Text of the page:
SUMMARY: Millions of people worldwide read The Washington Post online and offline. That’s a highly influential audience for any product or service. Here are five ways to grab the ear of consumer technology columnist Rob Pegoraro.
Rob Pegoraro Consumer Technology Columnist The Washington Post 1150 15th St. NW Washington, DC 20071 Robp(at)washpost(dot)com http://www.washingtonpost.com/
Pegoraro writes a weekly column, “Fast Forward,” that runs in the business section of Thursday’s newspaper, and he blogs daily on WashingtonPost.com. Pegoraro has worked at the paper since 1993. His byline has appeared in the National, Metro, Style, Sports, Health, Food, Home, Weekend, Real Estate, Sunday Arts, and Travel sections. He also writes Fast Forward: Help File, a Q&A column that appears on the website and in the Sunday paper.
Circulation and Readership
Daily newspaper circulation is 631,900. Sunday circulation is 881,400. Here are some stats about WashingtonPost.com’s 9 million readers: -82% are from outside the Washington, D.C. area -54% have household incomes of $75,000+ -72% are college graduates -34% make or influence business decisions
Pegoraro writes about computers, Internet services, consumer electronics, cell phones, and telecom products “that are neither commodities nor bleeding edge,” he says. That means no “enterprise solutions” or other products that people can write off as a business expense when filing taxes.
Examples: Pegoraro recently wrote a column comparing four lightweight laptops from leading personal computer companies. He’s written about flip cameras, Internet-based address book programs, and the newest iPhone.
How to Pitch: 5 Tips
Pegoraro finds ideas for columns through many channels, including emails, RSS feed subscriptions, and Twitter. He scopes out competing writers to discover new ways technology intersects with people in their personal lives.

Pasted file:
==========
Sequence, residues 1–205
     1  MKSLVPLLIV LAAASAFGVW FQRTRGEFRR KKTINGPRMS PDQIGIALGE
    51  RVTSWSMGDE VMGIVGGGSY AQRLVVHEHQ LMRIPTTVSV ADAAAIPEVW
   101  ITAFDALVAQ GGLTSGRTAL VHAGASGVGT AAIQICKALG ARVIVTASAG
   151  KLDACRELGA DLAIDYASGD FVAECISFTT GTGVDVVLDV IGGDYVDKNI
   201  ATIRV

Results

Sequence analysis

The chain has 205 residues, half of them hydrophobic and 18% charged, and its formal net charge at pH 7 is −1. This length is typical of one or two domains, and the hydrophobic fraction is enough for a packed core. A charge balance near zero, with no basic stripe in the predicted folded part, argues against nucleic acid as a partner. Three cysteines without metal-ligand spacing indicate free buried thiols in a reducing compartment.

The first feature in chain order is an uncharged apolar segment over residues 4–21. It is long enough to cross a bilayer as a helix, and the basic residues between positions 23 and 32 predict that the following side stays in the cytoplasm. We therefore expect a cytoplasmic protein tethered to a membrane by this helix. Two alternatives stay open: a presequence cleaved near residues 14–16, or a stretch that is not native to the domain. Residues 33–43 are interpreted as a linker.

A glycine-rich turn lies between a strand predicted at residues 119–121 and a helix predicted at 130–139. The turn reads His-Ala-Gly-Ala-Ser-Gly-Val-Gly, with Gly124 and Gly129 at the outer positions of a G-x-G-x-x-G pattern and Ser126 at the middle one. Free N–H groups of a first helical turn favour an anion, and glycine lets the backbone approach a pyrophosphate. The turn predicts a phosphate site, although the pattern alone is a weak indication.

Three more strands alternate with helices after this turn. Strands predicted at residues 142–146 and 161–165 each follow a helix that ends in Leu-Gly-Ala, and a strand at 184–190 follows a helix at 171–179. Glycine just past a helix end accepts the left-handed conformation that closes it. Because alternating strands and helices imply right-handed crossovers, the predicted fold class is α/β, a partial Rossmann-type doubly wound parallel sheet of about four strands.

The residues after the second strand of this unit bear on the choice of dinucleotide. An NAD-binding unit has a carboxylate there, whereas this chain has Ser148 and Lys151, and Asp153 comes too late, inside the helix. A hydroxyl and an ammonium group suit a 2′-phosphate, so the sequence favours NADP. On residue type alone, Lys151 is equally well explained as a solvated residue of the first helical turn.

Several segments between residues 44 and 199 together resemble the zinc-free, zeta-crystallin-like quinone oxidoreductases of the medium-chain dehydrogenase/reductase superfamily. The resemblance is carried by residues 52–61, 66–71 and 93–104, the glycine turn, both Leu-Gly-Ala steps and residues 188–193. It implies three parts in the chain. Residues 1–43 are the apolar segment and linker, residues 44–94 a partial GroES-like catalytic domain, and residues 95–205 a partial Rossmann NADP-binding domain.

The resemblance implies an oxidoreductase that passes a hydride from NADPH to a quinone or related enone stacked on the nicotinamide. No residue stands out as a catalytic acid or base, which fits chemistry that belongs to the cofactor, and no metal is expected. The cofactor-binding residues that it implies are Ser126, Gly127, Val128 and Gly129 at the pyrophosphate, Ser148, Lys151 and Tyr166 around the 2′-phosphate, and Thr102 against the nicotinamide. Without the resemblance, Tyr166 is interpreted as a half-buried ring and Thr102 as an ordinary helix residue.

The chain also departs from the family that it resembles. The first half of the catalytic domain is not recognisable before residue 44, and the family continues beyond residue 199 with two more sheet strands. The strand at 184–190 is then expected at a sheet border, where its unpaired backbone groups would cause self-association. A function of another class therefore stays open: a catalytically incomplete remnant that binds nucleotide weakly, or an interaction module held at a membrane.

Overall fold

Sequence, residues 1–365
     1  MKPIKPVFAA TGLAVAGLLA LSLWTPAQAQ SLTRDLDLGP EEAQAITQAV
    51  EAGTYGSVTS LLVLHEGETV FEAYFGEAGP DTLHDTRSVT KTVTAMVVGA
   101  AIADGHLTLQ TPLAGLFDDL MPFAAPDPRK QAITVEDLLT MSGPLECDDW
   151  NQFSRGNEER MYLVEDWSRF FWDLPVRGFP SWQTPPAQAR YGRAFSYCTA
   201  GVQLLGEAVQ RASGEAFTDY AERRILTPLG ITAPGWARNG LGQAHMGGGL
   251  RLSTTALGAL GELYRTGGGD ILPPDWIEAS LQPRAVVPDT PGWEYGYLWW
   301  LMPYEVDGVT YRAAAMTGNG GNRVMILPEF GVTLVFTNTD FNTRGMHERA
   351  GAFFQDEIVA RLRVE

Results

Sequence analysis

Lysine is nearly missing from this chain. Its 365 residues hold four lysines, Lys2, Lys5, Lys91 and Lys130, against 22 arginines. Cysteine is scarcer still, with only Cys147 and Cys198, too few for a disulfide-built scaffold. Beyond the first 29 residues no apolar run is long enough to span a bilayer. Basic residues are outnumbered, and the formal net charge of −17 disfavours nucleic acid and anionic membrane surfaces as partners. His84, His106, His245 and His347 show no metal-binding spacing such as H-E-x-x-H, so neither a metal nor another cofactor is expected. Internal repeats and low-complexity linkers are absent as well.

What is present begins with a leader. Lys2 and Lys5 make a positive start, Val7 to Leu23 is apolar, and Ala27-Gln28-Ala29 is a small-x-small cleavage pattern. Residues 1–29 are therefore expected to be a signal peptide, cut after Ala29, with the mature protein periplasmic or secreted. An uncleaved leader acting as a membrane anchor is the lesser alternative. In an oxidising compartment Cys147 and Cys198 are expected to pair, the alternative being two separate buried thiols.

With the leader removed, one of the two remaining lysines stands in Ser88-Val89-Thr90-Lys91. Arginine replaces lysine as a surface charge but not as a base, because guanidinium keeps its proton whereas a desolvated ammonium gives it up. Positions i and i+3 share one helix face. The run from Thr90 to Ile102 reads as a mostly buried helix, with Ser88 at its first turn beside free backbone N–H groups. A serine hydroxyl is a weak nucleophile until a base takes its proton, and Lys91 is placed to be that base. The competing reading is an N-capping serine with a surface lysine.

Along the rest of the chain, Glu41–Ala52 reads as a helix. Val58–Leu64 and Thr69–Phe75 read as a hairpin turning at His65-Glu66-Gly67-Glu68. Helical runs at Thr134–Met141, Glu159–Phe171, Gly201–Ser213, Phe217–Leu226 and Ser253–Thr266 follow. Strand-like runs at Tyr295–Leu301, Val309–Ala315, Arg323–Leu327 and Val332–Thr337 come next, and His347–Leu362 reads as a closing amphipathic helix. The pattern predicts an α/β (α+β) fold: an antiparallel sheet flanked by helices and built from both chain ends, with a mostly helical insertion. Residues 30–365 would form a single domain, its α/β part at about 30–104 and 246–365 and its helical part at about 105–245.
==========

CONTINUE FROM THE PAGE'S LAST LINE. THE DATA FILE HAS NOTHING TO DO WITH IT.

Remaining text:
Pegoraro receives dozens of email pitches each day. Here are 5 ways to get his attention:
#1: Show an understanding of what Pegoraro covers and familiarity with stories he’s previously written.
#2: Don’t pitch to him on the same day The New York Times or The Wall Street Journal reviews the product of your query.
#3: Provide a clear explanation of what makes the product or service different from competitors’.
#4: Use email. Unless pre-arranged, do not call to follow up on an email or for any other reason.
#5: Don’t send an email with “[Company Name] press release” in the subject line. It won’t get opened.
Example of a Successful Pitch
With one column and five blog posts per week and at least a dozen pitches per day taking up his time, Pegoraro is quite busy. To improve your odds of getting him to mention your clients, imitate the example below.
Pegoraro reviewed the Eye-Fi Explore – a WiFi-enabled photo-memory (SD) card that can geotag and upload photos as they are taken. Though the company’s PR team had pitched Pegoraro when the SD Card first launched, he had been too busy to cover it. In early July, he got a follow-up pitch announcing that the card could upload photos to two photo-sharing sites. The follow-up jogged his memory and encouraged him to write the piece.
Takeaways: The product was relevant to Pegoraro’s column. And the follow-up provided additional information that nudged him into writing the column he wanted to write about geotagging.
While Pegoraro generally does not prefer breakfast meetings or conference calls, you could schedule a meeting with him when you’re in D.C. It will give him an in-person look at a new gadget and a chance to quiz you or a techie about the inner workings of products.
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